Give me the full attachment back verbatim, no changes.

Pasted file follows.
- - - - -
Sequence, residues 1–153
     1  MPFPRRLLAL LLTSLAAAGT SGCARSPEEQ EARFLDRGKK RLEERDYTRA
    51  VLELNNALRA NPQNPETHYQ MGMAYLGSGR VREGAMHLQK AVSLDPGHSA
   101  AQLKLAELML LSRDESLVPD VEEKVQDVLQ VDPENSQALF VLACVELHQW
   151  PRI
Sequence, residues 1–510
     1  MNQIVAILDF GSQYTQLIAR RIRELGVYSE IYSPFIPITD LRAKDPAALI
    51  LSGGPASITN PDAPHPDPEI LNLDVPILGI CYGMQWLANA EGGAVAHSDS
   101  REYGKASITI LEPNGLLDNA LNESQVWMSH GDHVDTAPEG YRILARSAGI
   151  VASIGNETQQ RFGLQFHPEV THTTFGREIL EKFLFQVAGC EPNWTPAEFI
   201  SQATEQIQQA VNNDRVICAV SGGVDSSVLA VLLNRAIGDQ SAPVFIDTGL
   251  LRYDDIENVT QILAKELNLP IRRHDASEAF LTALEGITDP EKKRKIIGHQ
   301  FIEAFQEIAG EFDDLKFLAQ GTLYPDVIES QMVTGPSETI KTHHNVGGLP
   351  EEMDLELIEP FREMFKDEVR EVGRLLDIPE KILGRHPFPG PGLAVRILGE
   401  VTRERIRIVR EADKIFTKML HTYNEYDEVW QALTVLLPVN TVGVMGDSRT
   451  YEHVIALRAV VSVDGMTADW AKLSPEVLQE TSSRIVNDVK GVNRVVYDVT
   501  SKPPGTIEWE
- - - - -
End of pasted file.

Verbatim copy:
Sequence, residues 1–153
     1  MPFPRRLLAL LLTSLAAAGT SGCARSPEEQ EARFLDRGKK RLEERDYTRA
    51  VLELNNALRA NPQNPETHYQ MGMAYLGSGR VREGAMHLQK AVSLDPGHSA
   101  AQLKLAELML LSRDESLVPD VEEKVQDVLQ VDPENSQALF VLACVELHQW
   151  PRI
Sequence, residues 1–510
     1  MNQIVAILDF GSQYTQLIAR RIRELGVYSE IYSPFIPITD LRAKDPAALI
    51  LSGGPASITN PDAPHPDPEI LNLDVPILGI CYGMQWLANA EGGAVAHSDS
   101  REYGKASITI LEPNGLLDNA LNESQVWMSH GDHVDTAPEG YRILARSAGI
   151  VASIGNETQQ RFGLQFHPEV THTTFGREIL EKFLFQVAGC EPNWTPAEFI
   201  SQATEQIQQA VNNDRVICAV SGGVDSSVLA VLLNRAIGDQ SAPVFIDTGL
   251  LRYDDIENVT QILAKELNLP IRRHDASEAF LTALEGITDP EKKRKIIGHQ
   301  FIEAFQEIAG EFDDLKFLAQ GTLYPDVIES QMVTGPSETI KTHHNVGGLP
   351  EEMDLELIEP FREMFKDEVR EVGRLLDIPE KILGRHPFPG PGLAVRILGE
   401  VTRERIRIVR EADKIFTKML HTYNEYDEVW QALTVLLPVN TVGVMGDSRT
   451  YEHVIALRAV VSVDGMTADW AKLSPEVLQE TSSRIVNDVK GVNRVVYDVT
   501  SKPPGTIEWE